Tuskegee Airman Jams To Coltrane And Ellington

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During World War II, Roscoe Brown served with the Tuskegee Airmen, the U.S. military's first black fighter pilots. Recently, he worked as a consultant on the film, "Red Tails," depicting their story. As part of Tell Me More's series, In Your Ear, Brown offers up his personal play list.


Now it's time for the occasional segment we call In You Ear. That's where we ask some of our guests what they're listening to these days. Today, we're going to hear some music that inspires Roscoe Brown. During World War II, he served with the Tuskegee Airmen, America's first black fighter pilots. We spoke with him earlier this year when the movie "Red Tails" was released. "Red Tails" was based on the story of the Tuskegee Airmen. And here are some of the songs he listens to.


ROSCOE BROWN: I'm Dr. Roscoe Brown, Tuskegee Airmen. I come from the generation where we listened to good jazz music. And I'm from New York, and probably my most favorite song is "Take The 'A' Train" by Duke Ellington, because I used to ride the A train from 145th Street down to West 4th Street where I was going to school at NYU.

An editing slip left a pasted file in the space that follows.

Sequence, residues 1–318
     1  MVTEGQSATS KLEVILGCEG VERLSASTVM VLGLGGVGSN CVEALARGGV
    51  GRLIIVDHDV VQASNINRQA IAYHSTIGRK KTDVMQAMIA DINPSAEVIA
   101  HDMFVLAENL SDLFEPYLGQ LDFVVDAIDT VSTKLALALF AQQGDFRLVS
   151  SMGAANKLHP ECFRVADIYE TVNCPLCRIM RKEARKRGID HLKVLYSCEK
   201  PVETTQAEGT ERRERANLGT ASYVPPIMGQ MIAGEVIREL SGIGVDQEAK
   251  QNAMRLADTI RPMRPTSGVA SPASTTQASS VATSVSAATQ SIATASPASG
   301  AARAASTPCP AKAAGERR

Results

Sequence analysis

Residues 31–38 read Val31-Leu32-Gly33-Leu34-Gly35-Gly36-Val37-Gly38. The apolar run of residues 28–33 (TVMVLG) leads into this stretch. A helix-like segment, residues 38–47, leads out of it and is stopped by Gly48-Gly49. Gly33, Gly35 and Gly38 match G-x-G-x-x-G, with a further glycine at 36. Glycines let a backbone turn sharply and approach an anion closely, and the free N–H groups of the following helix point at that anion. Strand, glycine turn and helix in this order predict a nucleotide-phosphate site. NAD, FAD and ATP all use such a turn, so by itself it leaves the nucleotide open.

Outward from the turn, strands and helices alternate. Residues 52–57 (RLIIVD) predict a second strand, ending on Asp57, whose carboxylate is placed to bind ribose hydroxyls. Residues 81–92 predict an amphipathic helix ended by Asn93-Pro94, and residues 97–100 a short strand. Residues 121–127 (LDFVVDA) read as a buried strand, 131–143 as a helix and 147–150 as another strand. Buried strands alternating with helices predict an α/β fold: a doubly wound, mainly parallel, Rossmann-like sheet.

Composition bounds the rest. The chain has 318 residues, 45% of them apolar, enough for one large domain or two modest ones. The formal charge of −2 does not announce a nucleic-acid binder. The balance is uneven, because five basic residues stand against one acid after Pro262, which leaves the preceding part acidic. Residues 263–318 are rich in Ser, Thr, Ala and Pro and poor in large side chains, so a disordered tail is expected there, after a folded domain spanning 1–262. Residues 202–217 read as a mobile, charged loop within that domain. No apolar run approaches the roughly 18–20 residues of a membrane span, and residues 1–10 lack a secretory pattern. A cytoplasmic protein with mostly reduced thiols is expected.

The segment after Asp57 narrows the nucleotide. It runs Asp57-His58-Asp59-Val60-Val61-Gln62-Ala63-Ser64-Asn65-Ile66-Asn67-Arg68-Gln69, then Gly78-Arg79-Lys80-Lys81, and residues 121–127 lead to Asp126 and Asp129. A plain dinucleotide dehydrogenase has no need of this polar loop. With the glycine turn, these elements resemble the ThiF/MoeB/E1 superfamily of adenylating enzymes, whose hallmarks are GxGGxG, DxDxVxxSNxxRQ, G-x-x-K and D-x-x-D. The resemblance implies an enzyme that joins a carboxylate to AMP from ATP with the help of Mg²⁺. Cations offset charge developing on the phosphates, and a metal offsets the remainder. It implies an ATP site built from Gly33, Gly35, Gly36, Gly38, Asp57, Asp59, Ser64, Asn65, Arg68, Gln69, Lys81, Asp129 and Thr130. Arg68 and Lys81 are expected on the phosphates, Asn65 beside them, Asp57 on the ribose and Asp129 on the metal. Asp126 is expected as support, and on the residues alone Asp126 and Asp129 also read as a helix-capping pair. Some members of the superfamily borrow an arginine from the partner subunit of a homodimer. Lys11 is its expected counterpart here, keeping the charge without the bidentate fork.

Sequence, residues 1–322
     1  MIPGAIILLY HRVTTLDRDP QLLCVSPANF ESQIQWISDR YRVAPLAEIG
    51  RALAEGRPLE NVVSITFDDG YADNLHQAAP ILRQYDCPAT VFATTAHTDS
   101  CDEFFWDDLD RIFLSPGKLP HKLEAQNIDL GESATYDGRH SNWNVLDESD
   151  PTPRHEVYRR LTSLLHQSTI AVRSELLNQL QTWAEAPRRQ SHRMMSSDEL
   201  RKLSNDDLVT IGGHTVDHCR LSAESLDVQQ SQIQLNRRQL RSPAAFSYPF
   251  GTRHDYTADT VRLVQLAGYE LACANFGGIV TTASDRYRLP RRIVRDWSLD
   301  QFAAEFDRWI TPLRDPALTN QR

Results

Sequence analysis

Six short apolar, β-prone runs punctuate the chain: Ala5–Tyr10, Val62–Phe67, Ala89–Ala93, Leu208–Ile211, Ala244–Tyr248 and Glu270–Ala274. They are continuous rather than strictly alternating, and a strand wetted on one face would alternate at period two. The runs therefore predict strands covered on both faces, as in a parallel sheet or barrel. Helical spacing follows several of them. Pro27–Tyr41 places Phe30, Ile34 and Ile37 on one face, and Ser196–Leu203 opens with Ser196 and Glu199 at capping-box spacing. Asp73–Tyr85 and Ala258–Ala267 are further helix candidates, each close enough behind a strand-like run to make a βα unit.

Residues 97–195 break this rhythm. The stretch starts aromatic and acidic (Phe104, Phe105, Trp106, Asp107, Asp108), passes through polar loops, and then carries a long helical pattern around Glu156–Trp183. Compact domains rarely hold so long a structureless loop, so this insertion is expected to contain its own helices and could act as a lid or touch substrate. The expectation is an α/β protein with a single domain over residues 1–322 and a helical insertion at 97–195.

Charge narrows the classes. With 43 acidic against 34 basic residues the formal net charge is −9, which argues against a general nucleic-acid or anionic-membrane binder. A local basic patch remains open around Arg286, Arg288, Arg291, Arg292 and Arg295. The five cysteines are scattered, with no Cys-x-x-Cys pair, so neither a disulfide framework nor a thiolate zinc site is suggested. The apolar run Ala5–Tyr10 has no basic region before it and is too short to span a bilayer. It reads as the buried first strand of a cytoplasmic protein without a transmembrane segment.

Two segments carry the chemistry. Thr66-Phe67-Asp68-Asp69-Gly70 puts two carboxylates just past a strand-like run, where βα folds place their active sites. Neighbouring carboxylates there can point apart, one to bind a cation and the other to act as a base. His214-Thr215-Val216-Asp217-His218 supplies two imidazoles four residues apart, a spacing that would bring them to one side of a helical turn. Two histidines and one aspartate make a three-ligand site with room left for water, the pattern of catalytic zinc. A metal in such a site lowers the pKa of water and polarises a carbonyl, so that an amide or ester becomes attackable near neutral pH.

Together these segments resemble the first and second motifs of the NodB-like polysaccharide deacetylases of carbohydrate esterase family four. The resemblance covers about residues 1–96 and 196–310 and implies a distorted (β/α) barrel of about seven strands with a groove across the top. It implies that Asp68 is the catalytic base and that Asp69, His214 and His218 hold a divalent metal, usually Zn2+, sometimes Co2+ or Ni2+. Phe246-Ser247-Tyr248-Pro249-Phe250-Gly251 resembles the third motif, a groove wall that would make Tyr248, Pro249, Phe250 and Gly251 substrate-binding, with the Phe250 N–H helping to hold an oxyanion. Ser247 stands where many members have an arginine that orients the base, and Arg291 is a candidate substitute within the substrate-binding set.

JOHNNY HARTMAN: (Singing) I used to visit all the very gay places, those come-what-may places where one relaxes on the axis of the wheel of life.

BROWN: On my iPhone, I have John Coltrane and Johnny Hartman, who was a friend of mine, singing "Lush Life."


HARTMAN: (Singing) Life is lonely again, and only last year everything seemed so sure.

BROWN: That's right on my cell phone, and whenever I want to cool out, I listen to that because Johnny Hartman had that beautiful voice and the tenor of John Coltrane right behind it.


HARTMAN: (Singing) I live a lush life in some small dive. And there I'll be, while I rot with the rest of those whose lives are lonely, too.


NAT KING COLE: (Singing) Unforgettable, that's what you are.

BROWN: And my third song is "Unforgettable," the one with Nat Cole and his daughter Natalie Cole. It goes back in the days when I first got married, and that was one of my favorite songs. And then when Natalie picks it up around the '90s and does that cut in there, it's really a beautiful, heartwarming song. And that's the kind of music I like to listen to, and it always brings me good feelings.


NATALIE COLE: (Singing) That's how you'll stay.

NAT KING COLE AND NATALIE COLE: (Singing) That's why darling, it's incredible that someone so unforgettable things that I am unforgettable, too.

MARTIN: That was former Tuskegee Airmen Roscoe Brown, telling us what's playing in his ear. To hear our previous conversation with him, please go to our website. Go to, click on the Programs tab, and then on TELL ME MORE.

And that's our program for today. I'm Michel Martin, and this is TELL ME MORE, from NPR News. Let's talk more tomorrow.

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